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Hi Everyone, For a testing purpose iin our environment we need to setup a Linux based virtual machines. For that i come to know there is a option in RHEL ...
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  1. #1
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    Linux Virtualization


    Hi Everyone,
    For a testing purpose iin our environment we need to setup a Linux based virtual machines.
    For that i come to know there is a option in RHEL using xen or kvm.
    can anyone provide me the detailed step by step for setting up virtualization in rhel?
    Also i have few doubts like, is redhat subscription needed for achieve this?
    also there is a possible to do vmotion thing which is in vmware,can we do that with rhel virtualization without rhel subscription.

    All suggestions are welcome.
    TiA

  2. #2
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    VMware also has a product that I use for virtualization called ESX, which is a paid version and ESXI is a free version that works really well. I have it set up on a machine at home that at the moment is running 4 OS's. The only thing about it that isn't the best is you need to build the machine to the requirements that the software needs...it is very specific.

  3. #3
    Linux Newbie nplusplus's Avatar
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    I would suggest using CentOS (centos.org) or Scientific Linux (scientificlinux.org). Those projects aim to maintain binary compatibility with the well known upstream Linux vendor to which you referred by building distributions from the upstream vendor's source with the upstream vendor's branding and licensing-maintenance-specific packages removed. Otherwise, you will need to purchase a Redhat subscription to use Redhat with any reasonable degree of ease and maintenance.

    The "HowTos" section at wiki.centos.org has good information on how to do anything with CentOS, including virtualization. So, I'll leave it at that for your step-by-step virt setup, with a couple of pointers. Make sure to install virt-manager, virt-install, and qemu. Then, briefly peruse the man pages for those packages. Virt-manager is about the easiest way to start out setting up a guest for KVM or Xen on RHEL-based linuxes. If you want easy flexibility with setting up your guest networks, use Xen.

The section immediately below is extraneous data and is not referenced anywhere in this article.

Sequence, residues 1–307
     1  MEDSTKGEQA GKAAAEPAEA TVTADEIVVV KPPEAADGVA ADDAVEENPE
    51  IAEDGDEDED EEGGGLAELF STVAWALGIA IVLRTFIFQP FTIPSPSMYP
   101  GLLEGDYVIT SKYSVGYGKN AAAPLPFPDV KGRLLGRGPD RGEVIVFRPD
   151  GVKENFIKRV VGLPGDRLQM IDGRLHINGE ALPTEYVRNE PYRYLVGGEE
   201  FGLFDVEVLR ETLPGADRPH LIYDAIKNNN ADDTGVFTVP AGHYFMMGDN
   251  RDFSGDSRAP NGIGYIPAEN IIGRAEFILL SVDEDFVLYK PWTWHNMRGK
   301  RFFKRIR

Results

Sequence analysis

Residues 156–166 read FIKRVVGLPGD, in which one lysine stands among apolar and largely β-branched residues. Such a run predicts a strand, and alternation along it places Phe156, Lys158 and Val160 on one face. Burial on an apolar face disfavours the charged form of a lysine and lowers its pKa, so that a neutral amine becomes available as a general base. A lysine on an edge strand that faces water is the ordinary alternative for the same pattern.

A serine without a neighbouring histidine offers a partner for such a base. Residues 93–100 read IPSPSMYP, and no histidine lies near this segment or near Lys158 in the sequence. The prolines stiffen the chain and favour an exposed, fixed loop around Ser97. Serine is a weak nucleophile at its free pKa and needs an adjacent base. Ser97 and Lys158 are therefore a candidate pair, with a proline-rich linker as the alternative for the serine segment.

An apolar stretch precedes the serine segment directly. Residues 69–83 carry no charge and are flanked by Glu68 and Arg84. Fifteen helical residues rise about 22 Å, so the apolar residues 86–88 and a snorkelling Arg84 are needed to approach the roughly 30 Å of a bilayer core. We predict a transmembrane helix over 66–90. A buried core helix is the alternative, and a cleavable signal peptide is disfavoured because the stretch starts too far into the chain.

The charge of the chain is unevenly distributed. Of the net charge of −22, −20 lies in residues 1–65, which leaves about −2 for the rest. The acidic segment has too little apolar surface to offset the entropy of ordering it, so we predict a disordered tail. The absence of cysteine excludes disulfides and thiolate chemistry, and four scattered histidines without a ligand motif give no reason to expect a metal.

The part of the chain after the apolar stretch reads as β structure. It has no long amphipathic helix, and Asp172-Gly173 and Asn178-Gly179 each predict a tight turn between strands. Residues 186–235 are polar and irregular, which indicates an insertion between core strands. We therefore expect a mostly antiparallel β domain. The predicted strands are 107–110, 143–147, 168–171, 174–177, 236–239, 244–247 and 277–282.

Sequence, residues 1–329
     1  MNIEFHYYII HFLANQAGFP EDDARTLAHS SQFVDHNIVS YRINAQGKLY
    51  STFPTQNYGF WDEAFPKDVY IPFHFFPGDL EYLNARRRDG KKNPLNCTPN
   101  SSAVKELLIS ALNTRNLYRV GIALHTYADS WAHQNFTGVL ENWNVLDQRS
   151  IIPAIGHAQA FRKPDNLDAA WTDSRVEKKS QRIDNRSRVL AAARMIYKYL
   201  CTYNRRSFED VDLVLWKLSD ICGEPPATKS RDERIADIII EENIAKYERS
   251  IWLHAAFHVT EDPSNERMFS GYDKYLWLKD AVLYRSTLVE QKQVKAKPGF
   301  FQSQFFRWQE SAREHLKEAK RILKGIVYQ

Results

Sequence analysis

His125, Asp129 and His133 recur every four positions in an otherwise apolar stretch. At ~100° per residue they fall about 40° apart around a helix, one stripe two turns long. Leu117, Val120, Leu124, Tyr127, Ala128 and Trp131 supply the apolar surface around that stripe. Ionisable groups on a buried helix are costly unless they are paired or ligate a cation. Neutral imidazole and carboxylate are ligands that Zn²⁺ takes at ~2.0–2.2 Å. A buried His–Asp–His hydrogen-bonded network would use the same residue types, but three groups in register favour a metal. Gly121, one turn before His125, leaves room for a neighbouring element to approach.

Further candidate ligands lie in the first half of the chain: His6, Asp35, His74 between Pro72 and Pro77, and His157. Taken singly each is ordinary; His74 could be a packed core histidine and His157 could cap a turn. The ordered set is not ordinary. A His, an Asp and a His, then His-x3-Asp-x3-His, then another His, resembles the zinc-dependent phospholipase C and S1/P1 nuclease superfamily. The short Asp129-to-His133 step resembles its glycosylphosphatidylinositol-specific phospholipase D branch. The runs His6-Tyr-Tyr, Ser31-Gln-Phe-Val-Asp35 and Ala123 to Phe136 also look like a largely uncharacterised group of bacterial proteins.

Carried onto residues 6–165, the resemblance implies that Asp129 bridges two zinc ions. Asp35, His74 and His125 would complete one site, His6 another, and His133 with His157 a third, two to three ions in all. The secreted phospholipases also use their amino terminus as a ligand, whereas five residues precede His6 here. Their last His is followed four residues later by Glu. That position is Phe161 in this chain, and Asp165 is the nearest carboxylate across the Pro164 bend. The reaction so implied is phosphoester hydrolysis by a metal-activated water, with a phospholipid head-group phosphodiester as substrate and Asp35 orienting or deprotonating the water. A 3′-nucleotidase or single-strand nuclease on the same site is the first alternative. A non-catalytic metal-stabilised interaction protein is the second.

Also, both Xen and KVM provide live migration. Although, I am not sure how well it holds up to VMotion as I have no experience with that. Regardless, I believe Xen and KVM require a hardware setup similar to VMotion, though probably cheaper.

    Best,
    nplusplus

  4. #4
    Linux Newbie previso's Avatar
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    Sun Virtualbox. No special kernel, 3d acc., usb, network, sound, FREE. Download, install. Run, install guest OS, run guest OS. Close guest OS (save state). Reboots guest OS in 10 sec.

  5. #5
    Just Joined! silvagroup's Avatar
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    rhel virtual is kvm. You can set up kvm with fedora, I use ubuntu w/kvm. Install kvm from your program manager in ferdora. As already mentioned make sure virt-manager, virt-viewer and qemu are also installed. Then it's very simple to install your os's. For best vm performance you need enough ram to keep the host happy and enough to make your vm's happy, a cpu that supports hardware virtualization well here is a real good howto for ubuntu and should be fairly similar for fedora: howtoforge.com/virtualization-with-kvm-on-ubuntu-8.10
    Have fun !!!

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    Guys,
    Thanks for the this much of response,
    i will try with the things and post you all incase any problem or a mini howto

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    Sun VirtualBox is definitely worth trying. Easy install for me (intermediate noob in Ubuntu) and easy to use.

  8. #8
    Linux Newbie nplusplus's Avatar
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    There are a couple of replies about VirtualBox. I just started using it, and the major things that stand out about it for me are as follows.

    1) Pro: It is as easy to setup as VMWare Server (You know, the other free VMWare product). Xen and KVM are not quite as straight-forward.
    2) Pro: It has "VMotion-like" capabilities, which is great for a product that is free and so easy to use.
    3) Con: The rpm installer (and I believe the deb) does not include any SysV init scripts, so you have to roll your own start up and shutdown scripts.
    4) Con: Running it "headless" is not as straight forward.
    5) Con: It requires a VT-enabled processor to run 64-bit guests, whereas VMWare Server does not. Of course, Xen and KVM require the same.

    In my opinion, it appears to be a better product for use by a single user on a workstation, possibly for development. For what you described, I think you will get more mileage out of KVM or Xen.

  9. #9
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    Friends,There is a real quick clarification,
    i plan to setup the virtualization with xen in the base of centos5.5.
    My major goal is need to enable migrating a host from one to another.
    The clarification i required is :
    1.If i need to migrate from one to another host,is the hosts need to be clustered?
    2.For achieve this is should require a storage ? like SAN or NAS otherwise can we configure that with any one existing partitions?

    Expecting valuable guidance.

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